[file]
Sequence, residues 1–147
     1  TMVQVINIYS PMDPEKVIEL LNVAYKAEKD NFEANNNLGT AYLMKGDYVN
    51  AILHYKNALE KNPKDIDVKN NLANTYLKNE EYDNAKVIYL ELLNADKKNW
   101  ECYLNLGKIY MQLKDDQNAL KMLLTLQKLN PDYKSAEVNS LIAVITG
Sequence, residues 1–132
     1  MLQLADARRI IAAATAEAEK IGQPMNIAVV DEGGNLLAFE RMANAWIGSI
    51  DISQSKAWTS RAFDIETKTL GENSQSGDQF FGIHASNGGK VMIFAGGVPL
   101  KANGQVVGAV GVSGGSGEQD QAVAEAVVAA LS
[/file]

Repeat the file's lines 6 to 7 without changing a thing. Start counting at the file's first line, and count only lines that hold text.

     1  MLQLADARRI IAAATAEAEK IGQPMNIAVV DEGGNLLAFE RMANAWIGSI
    51  DISQSKAWTS RAFDIETKTL GENSQSGDQF FGIHASNGGK VMIFAGGVPL